Representative Duane Hall Says He Won’t Resign, Claims That Sexual Misconduct Allegations Stem from a Vendetta | News

Representative Duane Hall Says He Won’t Resign, Claims That Sexual Misconduct Allegations Stem from a Vendetta


Last week, NC Policy Watch published a report claiming that five sources had accused Wake County Representative Duane Hall of sexual misconduct, including one alleged incident of forcible kissing.

Since then, Hall has been mostly silent, save for initial statements denying the charges and a later interview with News & Observer opinion writer Ned Barnett, in which he said that, while he’s a flirt, “I have never harassed anyone. Never. Ever.”

Even so, Governor Roy Cooper, House Minority Leader Darren Jackson, and N.C. Democratic Party chairman Wayne Goodwin have called on Hall to resign from his seat. Hall is effectively in political exile and under pressure to call it a day instead of seeking reelection.

But Hall, it seems, has no intention of doing that. In a statement provided to WUNC’s Jeff Tiberii, Hall says that he will not resign and lays the blame for the NC Policy Watch story on a personal vendetta of sorts—he says he dated Megan Glazier, the daughter of NC Justice Center executive director and former state House member Rick Glazier, and NC Policy Watch began pursuing the story after he ended the relationship.

“Over the years,” he says, “I have dated some friends in the Democratic party including the daughter of the NC Justice Center Executive Director which publishes NC Policy Watch. I terminated the relationship. Policy Watch staff then spent months and much effort aggressively contacting colleagues, associates and acquaintances to manufacture gossip.”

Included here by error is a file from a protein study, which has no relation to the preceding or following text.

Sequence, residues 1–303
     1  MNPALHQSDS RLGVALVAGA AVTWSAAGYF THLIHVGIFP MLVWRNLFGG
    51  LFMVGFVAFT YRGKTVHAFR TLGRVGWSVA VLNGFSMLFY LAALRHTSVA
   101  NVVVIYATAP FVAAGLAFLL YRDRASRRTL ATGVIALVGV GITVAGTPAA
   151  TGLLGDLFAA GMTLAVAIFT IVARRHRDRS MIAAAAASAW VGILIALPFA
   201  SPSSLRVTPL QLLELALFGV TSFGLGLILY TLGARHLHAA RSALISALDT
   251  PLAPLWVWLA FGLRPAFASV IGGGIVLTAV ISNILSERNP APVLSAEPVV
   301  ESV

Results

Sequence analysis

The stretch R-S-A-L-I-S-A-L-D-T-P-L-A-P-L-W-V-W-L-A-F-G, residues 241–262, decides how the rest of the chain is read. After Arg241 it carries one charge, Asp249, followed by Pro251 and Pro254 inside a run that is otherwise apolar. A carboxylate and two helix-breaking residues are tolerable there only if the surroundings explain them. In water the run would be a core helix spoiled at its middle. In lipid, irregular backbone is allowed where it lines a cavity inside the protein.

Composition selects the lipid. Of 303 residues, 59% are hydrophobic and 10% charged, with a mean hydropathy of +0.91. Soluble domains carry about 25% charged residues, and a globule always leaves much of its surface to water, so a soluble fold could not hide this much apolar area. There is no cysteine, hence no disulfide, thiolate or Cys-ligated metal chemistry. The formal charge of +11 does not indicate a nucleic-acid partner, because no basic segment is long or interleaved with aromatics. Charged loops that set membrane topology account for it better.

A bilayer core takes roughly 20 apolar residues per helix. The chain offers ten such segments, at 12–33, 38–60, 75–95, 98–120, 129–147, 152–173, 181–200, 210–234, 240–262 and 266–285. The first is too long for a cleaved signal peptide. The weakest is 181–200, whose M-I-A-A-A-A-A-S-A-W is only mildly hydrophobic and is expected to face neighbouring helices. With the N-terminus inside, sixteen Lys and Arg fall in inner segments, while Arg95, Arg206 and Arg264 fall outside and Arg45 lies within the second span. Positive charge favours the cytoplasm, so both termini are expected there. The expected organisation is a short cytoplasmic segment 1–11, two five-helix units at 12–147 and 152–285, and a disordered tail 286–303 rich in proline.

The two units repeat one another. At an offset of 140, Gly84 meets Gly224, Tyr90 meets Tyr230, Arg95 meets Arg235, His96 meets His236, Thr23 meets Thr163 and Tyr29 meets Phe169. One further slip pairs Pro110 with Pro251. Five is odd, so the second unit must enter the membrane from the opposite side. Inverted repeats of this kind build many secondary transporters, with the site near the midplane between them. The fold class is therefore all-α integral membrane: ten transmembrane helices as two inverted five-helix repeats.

Of course, as the N&O’s Colin Campbell points out, the daily was also pursuing this story, and no one there had ever dated Duane Hall.

Another point of context: the author of the NC Policy Watch story, Billy Ball, previously wrote for the INDY. As his former supervisor, it’s rather difficult for me to imagine him ginning up a story based on his boss’s grudge.

Ball deferred questions to NC Policy Watch director Rob Schofield, who, in an email, promised an interview later today. In a text message, Hall said he was “not inclined” to be interviewed today, but he confirmed that the statement he gave to Tiberii is accurate.

“I’ve had personal relationships with several people at NC Policy Watch,” he wrote. There is no way for me to know what degree that played a role, but it has been confirmed to me by one of them, that it was discussed at length and the father of the girl I broke up with, who is also the Exec Director, edited, proofed and had final say over this story. The main point of my statement is that minimal journalistic integrity demands those relationships should have been disclosed.”

Update: in a statement posted a few minutes ago, Policy Watch director Rob Schofield says he stands by Ball’s reporting: